Arthritis

Arthritis can be distracting. Distressing. And disheartening. It can make you hesitant. It can frustrate — and even prevent — you from doing all the things you love to do. It is, quite literally, a pain. There are more than 100 different types of arthritis. The most common are osteoarthritis and rheumatoid arthritis.

The good news is that you can live — and live well — with arthritis. You can get relief from its pain and its consequences. One of the best and effective ways to combat arthritis pain is simple: exercise. Regular exercise not only helps maintain joint function, but also relieves stiffness and decreases pain and fatigue. Other ways to ease arthritis pain include medications, physical therapy, joint replacement surgery, and some alternative or complementary procedures.

Osteoarthritis is the most common type of arthritis. It starts with the deterioration of cartilage, the flexible tissue lining joints. The space between bones gradually narrows and the bone surfaces change shape. Over time, this leads to joint damage and pain. The symptoms of osteoarthritis usually develop over many years. The first sign is often joint pain after strenuous activity or overusing a joint. Joints may be stiff in the morning, but loosen up after a few minutes of movement. Or the joint may be mildly tender, and movement may cause a crackling or grating sensation.

Osteoarthritis was long considered a natural consequence of aging, the result of gradual wearing down of cartilage. The cause of osteoarthritis is much more complex than simple wear and tear. External factors, such as injuries, can initiate chronic cartilage breakdown. Inactivity and excess weight can also trigger the problem or make it worse. Genetic factors can affect how quickly it gets worse.

There is currently no cure for osteoarthritis. But there are effective treatments that can greatly improve a person's quality of life by relieving pain, protecting joints, and increasing range of motion in the affected joint. Therapy usually involves a combination of nondrug treatments such as heat, ice, and exercise; medication for pain and inflammation; and the use of assistive devices such as canes or walkers. In some cases, more aggressive treatment with surgery or joint replacement may be needed.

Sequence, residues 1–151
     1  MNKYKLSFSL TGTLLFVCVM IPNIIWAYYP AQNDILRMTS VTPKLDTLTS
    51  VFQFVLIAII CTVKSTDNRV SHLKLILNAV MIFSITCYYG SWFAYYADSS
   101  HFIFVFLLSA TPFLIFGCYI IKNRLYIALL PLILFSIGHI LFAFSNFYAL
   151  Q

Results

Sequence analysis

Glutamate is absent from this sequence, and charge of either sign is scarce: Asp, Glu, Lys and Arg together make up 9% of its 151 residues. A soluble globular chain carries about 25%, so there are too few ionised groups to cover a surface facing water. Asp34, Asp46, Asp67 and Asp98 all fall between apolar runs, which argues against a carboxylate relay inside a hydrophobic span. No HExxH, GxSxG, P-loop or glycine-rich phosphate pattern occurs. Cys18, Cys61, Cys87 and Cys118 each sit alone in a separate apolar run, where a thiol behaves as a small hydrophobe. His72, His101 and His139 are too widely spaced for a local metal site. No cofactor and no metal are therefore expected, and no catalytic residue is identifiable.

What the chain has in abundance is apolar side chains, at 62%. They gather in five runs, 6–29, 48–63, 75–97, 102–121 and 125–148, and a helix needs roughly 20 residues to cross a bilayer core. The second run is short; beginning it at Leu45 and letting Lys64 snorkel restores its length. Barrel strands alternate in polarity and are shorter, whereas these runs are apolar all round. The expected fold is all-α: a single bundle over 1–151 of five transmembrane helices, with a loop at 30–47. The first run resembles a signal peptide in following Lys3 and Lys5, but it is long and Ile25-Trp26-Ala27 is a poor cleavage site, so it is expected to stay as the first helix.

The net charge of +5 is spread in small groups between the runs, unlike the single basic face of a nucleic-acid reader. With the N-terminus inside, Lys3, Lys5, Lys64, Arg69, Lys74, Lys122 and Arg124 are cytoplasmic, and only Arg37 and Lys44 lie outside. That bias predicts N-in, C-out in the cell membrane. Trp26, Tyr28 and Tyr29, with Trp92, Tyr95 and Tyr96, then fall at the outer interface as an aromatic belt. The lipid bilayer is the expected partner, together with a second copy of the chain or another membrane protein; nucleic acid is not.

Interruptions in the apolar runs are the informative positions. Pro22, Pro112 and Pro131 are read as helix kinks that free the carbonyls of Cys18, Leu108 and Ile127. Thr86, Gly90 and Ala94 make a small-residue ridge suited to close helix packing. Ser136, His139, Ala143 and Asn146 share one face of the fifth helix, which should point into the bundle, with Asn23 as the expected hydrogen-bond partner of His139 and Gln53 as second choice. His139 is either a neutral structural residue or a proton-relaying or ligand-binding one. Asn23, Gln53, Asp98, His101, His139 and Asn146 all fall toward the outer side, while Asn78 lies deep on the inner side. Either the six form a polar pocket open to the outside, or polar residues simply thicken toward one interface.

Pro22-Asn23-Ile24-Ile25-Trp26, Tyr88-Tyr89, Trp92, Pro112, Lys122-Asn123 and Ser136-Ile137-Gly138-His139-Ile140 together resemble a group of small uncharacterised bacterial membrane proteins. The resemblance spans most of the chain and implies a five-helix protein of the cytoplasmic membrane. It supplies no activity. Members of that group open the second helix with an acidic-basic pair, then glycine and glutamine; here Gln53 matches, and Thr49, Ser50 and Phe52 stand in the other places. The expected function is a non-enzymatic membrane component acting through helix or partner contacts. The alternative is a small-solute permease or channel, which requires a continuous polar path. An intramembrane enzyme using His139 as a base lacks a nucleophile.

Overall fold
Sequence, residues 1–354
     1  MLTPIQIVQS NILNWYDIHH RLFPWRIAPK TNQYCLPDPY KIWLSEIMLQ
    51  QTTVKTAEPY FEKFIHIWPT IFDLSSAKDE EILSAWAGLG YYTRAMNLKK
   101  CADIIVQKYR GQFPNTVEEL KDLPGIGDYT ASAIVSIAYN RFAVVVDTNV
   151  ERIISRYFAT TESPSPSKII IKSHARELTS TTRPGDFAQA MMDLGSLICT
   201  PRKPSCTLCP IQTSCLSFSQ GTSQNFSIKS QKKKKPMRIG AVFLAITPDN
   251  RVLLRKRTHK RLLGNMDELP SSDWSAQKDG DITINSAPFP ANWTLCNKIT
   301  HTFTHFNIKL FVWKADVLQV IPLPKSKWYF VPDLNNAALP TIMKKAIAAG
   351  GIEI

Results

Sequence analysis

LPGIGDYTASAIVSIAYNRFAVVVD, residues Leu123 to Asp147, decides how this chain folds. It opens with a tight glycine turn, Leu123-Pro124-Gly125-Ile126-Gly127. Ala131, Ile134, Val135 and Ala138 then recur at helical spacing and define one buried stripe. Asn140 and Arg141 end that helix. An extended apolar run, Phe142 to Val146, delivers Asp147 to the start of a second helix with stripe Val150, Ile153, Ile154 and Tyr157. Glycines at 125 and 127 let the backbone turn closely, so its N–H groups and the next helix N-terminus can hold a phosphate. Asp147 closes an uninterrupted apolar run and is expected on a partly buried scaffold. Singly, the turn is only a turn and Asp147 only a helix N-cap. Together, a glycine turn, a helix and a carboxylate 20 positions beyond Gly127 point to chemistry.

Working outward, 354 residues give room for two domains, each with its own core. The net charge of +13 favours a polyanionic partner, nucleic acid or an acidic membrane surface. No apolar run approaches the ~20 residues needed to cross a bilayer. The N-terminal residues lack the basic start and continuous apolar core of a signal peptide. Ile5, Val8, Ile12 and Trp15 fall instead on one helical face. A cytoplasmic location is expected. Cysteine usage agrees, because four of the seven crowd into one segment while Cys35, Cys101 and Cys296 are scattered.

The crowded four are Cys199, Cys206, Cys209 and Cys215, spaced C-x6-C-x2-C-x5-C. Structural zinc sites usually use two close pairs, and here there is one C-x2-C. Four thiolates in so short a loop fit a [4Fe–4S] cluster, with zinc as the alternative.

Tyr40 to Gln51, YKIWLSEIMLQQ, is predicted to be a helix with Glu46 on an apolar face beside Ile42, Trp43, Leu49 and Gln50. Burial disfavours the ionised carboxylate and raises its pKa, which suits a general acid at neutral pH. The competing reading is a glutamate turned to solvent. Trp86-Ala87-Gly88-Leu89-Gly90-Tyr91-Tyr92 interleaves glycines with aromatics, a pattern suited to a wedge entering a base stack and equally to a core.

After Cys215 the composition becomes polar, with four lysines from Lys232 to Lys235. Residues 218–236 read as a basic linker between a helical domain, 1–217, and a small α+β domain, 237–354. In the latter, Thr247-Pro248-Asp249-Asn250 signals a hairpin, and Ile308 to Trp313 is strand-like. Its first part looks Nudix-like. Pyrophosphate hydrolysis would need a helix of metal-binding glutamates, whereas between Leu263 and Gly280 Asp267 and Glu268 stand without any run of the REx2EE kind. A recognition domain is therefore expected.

Arthritis Articles

Am I too young for a knee replacement?

Doctors often want to wait until a person is 60 or older to perform knee replacement surgery, because these artificial joints typically only last 15 to 20 years. But some people opt to have the procedure sooner if knee pain is causing significant disability. (Locked) More »

Choosing a home exercise machine

Home exercise machines such as treadmills, elliptical machines, stationary bikes, and rowing machines can make it easier to get regular, heart-protecting, aerobic exercise. Certain machines may be more appropriate for different people, depending on their history of joint or muscle trouble or other health problems. For those with knee or hip arthritis or balance issues, a stationary bike may be best, while treadmills and elliptical machines are best for people concerned about preventing osteoporosis. More »

Did my diet cause my gout?

Diet alone is unlikely to cause a type of painful arthritis known as gout, but can trigger an attack in someone who already has the condition. (Locked) More »

Pain conditions are more common in women

Women are disproportionately affected by conditions that cause chronic pain, but they sometimes have difficulty getting a definitive diagnosis as to what is causing their pain and may be less likely to receive appropriate treatments even when they do. (Locked) More »

The new-old way to treat gout

The American College of Rheumatology recently released updated guidelines on how to best treat gout and prevent future flare-ups. They included first-line treatments like anti-inflammatory medications and ice therapy. A combination of diet and lifestyle changes and medications (including urate lowering therapy, or ULT) —is typically recommended if attacks recur or become chronic. (Locked) More »

Can home remedies help my sciatica?

There are numerous home remedies that can help ease pain associated with sciatica, including using hot or cold compresses, taking over-the-counter pain relievers, and moving and stretching. (Locked) More »

What is chronic inflammation?

Chronic inflammation occurs when the immune system is over-stimulated all the time. It’s not clear why chronic inflammation develops in the body, but it is linked to many chronic conditions, such as diabetes and rheumatoid arthritis. More »

5 Internet recommendations for joint pain: Do they work?

Some methods touted on the Internet to relieve arthritis pain may do little to help with joint problems, even though they seem sensible. Music therapy and meditation may provide temporary distractions to pain. Eating a high-fiber diet can help with loss of excess weight, which can reduce osteoarthritis symptoms in weight-bearing joints, but there’s no evidence it will reduce arthritis inflammation. Therapeutic massage can make sore muscles, tendons, and joints feel better, at least temporarily. Getting more sleep is important to overall health but probably won’t relieve arthritis pain. (Locked) More »